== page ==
I’ve used a model B rev 2.0 Raspberry Pi as a Samba and DLNA media server in the past, and normally turn it off through a Webmin control panel. This solution is less than ideal however, as it requires a second powered-on device and a couple of clicks to get to the shutdown page in the control panel.
The Raspberry Pi forum has am excellent thread about a simple & safe shutdown button, from which I copied to produce my shutdown switch. It’s something you can put together in less than 20 minutes if you have the parts.
All you need is to install the RPi.GPIO Python class on the Pi (use SSH to grab it, “wget http://pypi.python.org/packages/source/R/RPi.GPIO/RPi.GPIO-0.4.1a.tar.gz”; unzip it; and install it, “sudo python setup.py install”; then remove the files to tidy it all up), and you can start accessing the pins via Python scripts.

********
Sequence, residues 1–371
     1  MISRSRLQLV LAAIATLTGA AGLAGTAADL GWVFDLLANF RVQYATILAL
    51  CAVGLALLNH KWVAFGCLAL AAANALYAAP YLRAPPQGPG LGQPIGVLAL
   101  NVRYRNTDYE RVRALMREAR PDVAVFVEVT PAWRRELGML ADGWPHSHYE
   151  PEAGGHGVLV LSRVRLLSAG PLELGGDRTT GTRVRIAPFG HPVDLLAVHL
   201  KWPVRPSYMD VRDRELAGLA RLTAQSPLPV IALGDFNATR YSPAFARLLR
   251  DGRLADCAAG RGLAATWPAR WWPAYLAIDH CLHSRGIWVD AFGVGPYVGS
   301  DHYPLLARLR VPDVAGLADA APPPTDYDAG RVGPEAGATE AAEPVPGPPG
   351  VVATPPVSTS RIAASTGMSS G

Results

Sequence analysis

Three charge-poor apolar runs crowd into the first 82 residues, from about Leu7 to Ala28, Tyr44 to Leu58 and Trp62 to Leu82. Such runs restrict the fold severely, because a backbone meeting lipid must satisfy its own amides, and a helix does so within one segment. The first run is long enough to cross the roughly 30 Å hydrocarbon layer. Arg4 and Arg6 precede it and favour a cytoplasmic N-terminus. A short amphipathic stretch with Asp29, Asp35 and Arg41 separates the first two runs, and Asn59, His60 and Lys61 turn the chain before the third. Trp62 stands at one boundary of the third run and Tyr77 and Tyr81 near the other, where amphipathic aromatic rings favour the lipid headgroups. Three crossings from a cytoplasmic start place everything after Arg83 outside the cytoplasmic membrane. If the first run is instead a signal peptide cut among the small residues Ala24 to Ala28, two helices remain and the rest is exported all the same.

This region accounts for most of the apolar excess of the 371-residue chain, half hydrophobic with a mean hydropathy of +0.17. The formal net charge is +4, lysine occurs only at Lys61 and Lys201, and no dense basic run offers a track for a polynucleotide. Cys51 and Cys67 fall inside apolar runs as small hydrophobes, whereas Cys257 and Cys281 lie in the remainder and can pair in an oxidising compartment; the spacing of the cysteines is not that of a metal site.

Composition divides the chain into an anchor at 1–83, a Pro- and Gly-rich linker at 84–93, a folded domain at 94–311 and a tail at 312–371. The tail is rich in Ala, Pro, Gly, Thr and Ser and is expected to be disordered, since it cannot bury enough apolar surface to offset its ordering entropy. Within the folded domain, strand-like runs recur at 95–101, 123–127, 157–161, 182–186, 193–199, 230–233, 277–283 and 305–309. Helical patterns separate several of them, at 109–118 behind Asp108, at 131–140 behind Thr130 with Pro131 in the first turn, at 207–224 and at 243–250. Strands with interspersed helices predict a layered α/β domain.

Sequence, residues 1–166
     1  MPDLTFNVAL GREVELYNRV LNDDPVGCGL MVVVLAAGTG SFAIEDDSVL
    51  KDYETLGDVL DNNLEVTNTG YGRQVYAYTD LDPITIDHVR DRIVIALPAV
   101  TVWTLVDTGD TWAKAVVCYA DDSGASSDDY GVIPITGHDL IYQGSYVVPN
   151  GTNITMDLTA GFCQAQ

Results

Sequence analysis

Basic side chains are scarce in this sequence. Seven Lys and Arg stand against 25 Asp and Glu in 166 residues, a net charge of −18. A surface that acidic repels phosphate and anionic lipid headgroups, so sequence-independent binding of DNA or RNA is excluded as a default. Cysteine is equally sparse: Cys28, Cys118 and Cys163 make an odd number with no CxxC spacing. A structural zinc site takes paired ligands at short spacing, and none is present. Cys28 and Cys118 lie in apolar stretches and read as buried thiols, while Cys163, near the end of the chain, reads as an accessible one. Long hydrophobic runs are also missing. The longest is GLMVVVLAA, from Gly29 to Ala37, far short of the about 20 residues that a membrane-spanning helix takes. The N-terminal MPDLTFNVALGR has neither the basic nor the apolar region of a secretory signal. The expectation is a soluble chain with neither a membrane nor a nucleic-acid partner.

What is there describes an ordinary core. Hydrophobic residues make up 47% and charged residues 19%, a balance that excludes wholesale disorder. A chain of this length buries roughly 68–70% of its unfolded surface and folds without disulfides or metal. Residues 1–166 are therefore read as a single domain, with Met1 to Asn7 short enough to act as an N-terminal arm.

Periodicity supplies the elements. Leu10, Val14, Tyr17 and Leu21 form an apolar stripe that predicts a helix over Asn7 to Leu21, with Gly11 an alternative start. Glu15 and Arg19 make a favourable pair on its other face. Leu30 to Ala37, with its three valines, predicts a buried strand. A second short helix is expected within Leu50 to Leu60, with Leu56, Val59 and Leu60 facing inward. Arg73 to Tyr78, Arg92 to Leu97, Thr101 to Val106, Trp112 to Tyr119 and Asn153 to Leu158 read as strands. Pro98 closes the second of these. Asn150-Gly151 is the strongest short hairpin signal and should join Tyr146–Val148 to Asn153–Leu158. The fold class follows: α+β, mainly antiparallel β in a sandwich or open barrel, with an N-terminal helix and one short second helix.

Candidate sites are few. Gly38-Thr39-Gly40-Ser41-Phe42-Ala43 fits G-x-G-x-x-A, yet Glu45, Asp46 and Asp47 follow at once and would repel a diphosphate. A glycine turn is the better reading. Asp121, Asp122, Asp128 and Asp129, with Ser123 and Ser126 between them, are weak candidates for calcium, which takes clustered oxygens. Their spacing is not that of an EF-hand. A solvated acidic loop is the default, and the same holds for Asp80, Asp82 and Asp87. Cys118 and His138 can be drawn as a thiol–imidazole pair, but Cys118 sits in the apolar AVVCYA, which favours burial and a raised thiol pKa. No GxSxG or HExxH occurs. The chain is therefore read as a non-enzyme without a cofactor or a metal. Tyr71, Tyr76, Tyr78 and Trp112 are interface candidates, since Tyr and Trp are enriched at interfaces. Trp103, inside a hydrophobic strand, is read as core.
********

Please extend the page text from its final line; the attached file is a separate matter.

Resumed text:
Just connect pin 1 to a momentary open switch, and the switch to a 1K and a 10K resistor. Then connect the 10K resistor to the ground on pin 9 and the 1K to pin 11 (GPIO17). If you’re wondering where these are then this page has some nice illustrations; and more info on these pins can be found here. It’s worth covering the 5V line with some insulation just to minimise the risk of shorting out your Pi with it (see images below), as everything else on the GPIO header is 3.3V.
All that’s left is to monitor pin 11 (GPIO17) for activity, for which I used the code on the Raspberry Pi forum.
Placed in /home/pi/bin/button/shutdown.py
import RPi.GPIO as GPIO
os.system("sudo shutdown -h now")
Placed in /etc/rc.local on the line before “exit 0”
Then the Pi will shutdown when the button is pressed for about 1 second – only the Power light will remain on (red) when it’s shut down. It’s worth noting that this won’t work if the Pi has crashed.
Updated 22/01/15 – Thanks to “Joost” for clarification on pins, specifically that GPIO17 is pin 11 on the board. “R.” suggested using an interruption rather than an active or busy loop.